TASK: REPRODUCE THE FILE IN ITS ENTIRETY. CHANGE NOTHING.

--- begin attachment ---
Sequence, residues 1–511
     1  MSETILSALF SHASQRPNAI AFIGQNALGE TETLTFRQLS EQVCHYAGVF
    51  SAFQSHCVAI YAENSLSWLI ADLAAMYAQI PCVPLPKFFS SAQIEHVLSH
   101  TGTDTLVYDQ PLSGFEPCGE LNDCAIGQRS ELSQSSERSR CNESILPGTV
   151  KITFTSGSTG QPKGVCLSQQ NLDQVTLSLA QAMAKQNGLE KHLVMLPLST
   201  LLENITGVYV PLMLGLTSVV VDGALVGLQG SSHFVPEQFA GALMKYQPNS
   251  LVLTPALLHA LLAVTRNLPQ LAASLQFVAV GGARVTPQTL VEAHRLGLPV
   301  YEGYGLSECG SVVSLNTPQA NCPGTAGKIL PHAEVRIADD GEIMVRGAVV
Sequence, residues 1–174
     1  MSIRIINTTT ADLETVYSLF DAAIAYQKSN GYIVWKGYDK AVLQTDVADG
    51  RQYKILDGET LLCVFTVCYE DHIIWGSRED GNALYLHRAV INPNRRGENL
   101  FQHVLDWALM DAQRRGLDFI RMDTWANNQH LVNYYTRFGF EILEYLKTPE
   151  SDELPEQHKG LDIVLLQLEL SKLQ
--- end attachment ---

Sequence, residues 1–511
     1  MSETILSALF SHASQRPNAI AFIGQNALGE TETLTFRQLS EQVCHYAGVF
    51  SAFQSHCVAI YAENSLSWLI ADLAAMYAQI PCVPLPKFFS SAQIEHVLSH
   101  TGTDTLVYDQ PLSGFEPCGE LNDCAIGQRS ELSQSSERSR CNESILPGTV
   151  KITFTSGSTG QPKGVCLSQQ NLDQVTLSLA QAMAKQNGLE KHLVMLPLST
   201  LLENITGVYV PLMLGLTSVV VDGALVGLQG SSHFVPEQFA GALMKYQPNS
   251  LVLTPALLHA LLAVTRNLPQ LAASLQFVAV GGARVTPQTL VEAHRLGLPV
   301  YEGYGLSECG SVVSLNTPQA NCPGTAGKIL PHAEVRIADD GEIMVRGAVV
Sequence, residues 1–174
     1  MSIRIINTTT ADLETVYSLF DAAIAYQKSN GYIVWKGYDK AVLQTDVADG
    51  RQYKILDGET LLCVFTVCYE DHIIWGSRED GNALYLHRAV INPNRRGENL
   101  FQHVLDWALM DAQRRGLDFI RMDTWANNQH LVNYYTRFGF EILEYLKTPE
   151  SDELPEQHKG LDIVLLQLEL SKLQ